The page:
Yellowtail, how is quality defined? I thought it was defined in terms of health but it seems that colour and pattern plays a part as well. How could that work when everyone has different preferences? I've seen nice animals that have been reasonably priced, and expensive animals of which I have zero interest in.
     
  8. Wokka

    Wokka Well-Known Member APS Veteran

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    I think what you are paying for is reliability and confidence. A cheap animal may be as good as a dear one, but you don't know until it is too late. A dearer animal normally incorporates a margin reflecting the breeders ethics which is earned over years and can be lost very quickly. It amazes me how buyers will travel hours or sometimes interstate to deal with suppliers they have never heard of, and often just to save $50. My most expensive purchase was from a a rouge in northern Queensland. $25,000 for an adult pair of GTPs when the market price was $35,000. It only cost me a few hundred in plane fair to save thousands. NOT! I ended up euthanasing the pair after nursing them for months.
     
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  9. Flaviemys purvisi

    Flaviemys purvisi Very Well-Known Member

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    OH DAMN!
     
  10. Waterrat

    Waterrat Almost Legendary

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    It wasn't me. lol
     
    Last edited by a moderator: Oct 29, 2017
  11. Wokka

    Wokka Well-Known Member APS Veteran

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    No Micheal, you are at the other end of the scale. I can recall getting animals from you and there was a problem with transport caused by the carrier, and you came to the party immediately, no questions asked. That is what I meant.... some breeders are a bit dearer ,but you get what you pay for, not to mention all the advice that is freely given after the purchase.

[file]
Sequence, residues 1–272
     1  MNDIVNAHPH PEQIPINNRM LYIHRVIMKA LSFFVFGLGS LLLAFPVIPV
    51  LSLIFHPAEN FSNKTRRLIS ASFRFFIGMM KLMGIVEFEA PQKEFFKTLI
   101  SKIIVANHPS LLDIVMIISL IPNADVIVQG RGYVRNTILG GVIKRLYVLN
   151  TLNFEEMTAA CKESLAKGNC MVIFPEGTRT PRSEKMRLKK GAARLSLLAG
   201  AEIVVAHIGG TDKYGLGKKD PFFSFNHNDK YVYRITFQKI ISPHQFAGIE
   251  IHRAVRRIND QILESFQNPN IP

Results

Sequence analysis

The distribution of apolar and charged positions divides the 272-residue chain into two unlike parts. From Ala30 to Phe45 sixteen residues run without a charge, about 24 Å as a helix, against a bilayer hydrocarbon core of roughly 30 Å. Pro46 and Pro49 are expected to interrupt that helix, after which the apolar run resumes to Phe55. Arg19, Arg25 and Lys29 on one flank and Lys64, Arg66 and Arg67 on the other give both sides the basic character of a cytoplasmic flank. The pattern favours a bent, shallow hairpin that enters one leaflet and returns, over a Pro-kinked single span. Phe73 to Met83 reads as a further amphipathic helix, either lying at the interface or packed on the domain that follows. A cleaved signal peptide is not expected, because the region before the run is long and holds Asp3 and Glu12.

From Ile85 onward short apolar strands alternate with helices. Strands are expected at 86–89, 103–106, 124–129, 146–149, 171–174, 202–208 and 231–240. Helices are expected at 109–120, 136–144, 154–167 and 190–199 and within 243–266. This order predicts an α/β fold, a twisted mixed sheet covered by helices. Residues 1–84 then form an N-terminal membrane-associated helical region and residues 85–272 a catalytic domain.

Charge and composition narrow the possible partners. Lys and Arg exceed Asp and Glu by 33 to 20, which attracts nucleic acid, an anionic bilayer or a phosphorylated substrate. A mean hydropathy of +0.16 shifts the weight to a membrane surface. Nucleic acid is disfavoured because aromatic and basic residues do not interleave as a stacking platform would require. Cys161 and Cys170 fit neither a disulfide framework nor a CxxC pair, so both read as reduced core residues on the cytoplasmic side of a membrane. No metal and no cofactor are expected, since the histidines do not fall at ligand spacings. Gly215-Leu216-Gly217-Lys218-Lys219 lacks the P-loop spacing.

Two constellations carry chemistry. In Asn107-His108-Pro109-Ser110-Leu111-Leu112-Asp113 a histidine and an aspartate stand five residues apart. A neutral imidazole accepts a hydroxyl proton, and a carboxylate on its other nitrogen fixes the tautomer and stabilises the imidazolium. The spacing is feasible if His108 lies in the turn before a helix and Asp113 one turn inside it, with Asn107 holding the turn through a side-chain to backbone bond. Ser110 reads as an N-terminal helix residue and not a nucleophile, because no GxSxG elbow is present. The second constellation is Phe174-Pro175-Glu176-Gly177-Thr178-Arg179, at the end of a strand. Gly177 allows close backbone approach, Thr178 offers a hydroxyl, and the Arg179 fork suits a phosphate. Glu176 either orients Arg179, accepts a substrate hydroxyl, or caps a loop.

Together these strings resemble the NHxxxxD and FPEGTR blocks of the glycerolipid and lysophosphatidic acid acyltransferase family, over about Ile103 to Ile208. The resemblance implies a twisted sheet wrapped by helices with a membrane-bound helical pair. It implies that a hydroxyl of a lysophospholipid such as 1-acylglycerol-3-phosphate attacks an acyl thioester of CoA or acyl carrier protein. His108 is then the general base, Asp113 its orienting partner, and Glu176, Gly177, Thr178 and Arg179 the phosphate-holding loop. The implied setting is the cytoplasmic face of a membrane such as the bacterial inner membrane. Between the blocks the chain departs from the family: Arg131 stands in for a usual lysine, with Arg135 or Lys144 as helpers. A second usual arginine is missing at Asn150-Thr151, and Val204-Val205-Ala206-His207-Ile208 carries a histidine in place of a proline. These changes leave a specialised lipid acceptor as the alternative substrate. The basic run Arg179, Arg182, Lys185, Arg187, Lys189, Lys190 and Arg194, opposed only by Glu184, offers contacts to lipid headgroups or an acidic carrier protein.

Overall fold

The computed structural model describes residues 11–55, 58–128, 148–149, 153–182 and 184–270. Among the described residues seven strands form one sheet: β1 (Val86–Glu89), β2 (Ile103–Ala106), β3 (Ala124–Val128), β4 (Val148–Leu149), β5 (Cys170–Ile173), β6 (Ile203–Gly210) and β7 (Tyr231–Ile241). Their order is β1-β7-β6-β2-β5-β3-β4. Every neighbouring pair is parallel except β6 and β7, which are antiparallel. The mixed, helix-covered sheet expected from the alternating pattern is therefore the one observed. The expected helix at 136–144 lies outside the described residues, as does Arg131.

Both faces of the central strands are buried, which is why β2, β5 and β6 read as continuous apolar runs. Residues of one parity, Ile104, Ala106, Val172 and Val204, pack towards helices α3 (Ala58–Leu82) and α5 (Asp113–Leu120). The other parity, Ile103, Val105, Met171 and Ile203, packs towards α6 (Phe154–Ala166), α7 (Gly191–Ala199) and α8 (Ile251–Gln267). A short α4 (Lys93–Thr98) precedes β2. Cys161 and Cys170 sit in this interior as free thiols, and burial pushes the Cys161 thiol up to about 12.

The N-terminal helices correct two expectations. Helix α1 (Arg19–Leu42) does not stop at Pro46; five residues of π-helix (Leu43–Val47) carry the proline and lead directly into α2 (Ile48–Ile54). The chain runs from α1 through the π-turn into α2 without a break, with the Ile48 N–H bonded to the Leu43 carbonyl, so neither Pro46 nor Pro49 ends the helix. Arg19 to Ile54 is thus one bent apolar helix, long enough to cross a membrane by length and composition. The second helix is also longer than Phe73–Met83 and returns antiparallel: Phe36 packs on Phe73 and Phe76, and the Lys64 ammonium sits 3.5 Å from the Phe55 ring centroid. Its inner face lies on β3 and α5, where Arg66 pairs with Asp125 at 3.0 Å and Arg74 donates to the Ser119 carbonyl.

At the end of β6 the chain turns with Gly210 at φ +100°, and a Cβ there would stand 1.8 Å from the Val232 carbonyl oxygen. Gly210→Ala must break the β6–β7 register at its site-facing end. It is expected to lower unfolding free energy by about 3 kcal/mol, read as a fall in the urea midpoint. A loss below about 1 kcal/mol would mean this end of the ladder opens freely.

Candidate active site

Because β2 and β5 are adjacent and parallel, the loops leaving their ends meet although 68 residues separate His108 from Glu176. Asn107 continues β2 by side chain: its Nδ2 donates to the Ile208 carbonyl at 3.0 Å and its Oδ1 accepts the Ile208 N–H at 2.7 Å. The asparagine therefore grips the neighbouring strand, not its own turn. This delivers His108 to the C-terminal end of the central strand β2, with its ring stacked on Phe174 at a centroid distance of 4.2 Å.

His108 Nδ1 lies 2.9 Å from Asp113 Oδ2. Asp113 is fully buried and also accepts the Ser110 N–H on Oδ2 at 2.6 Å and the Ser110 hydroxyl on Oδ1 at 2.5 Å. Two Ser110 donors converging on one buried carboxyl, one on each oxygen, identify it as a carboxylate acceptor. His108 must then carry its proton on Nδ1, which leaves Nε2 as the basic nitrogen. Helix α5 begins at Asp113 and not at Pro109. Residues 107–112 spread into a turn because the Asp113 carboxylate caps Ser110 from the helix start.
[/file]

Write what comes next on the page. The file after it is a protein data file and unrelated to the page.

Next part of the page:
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  12. Pauls_Pythons

    Pauls_Pythons Power Seller Power Seller

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    Everyone want everything for nothing these days it seems. No understanding of genetics or the work that goes into breeding, feeding, the never ending photo collectors etc.
    After I spent an hour answering every question under the sun I had one tyre kicker this year tell me that my axanthic BHP's were only worth $300 as she could get them somewhere else at that price. She came back to inquire over another animal 2 weeks later and was advised that I would rather give my animals away than sell them to someone like her.
    Sometimes it all gets too hard, I'm wondering if its even worth the bother breeding after this year.
     
  13. Wokka

    Wokka Well-Known Member APS Veteran

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    The market needs to cater for all sectors. There are buyers who are time poor and risk averse, and willing to pay for service. Others are happy to do the miles and take the risk in search of a bargain price. On the other side there are suppliers who have the short term goal of the immediate sale and are not interested in ongoing business, whilst others may wish to develop repeat clients and so put in the extra effort above and beyond simply price. It is frustrating when the two groups crossover but I have found that in business repeat business is best both in terms of profit and satisfaction.
     
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  14. pythoninfinite

    pythoninfinite Subscriber Subscriber

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    I agree with Wokka. Those who are still doing well in the reptile business are those with a very good established reputation, and who are willing to stick to a strategy even when times are not so lucrative. They are always the ones who are generous with advice, and stick by the buyer and their product. They are always aware of the risks of disease, and many have closed collections to ensure their animals remain disease-free. Buying snakes from pet-shops is asking for trouble. Buying from a reputable breeder hugely increases the chance of a great outcome, because reputations are built on good product and great service.

    Jamie
     
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  15. Wokka

    Wokka Well-Known Member APS Veteran

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    As an example.....I have some het for Albino Olives for sale. I have been breeding Albino Olives for over ten years and probably have the largest collection of Albino Olive genetics in the world. I have found someone on face book, who I have never heard of has Het for Albino Olives for sale for $3000. They have no other Albino animals but say their animals were sold to them as Hets by someone else on face book. Should this effect the price of my Albino Olives?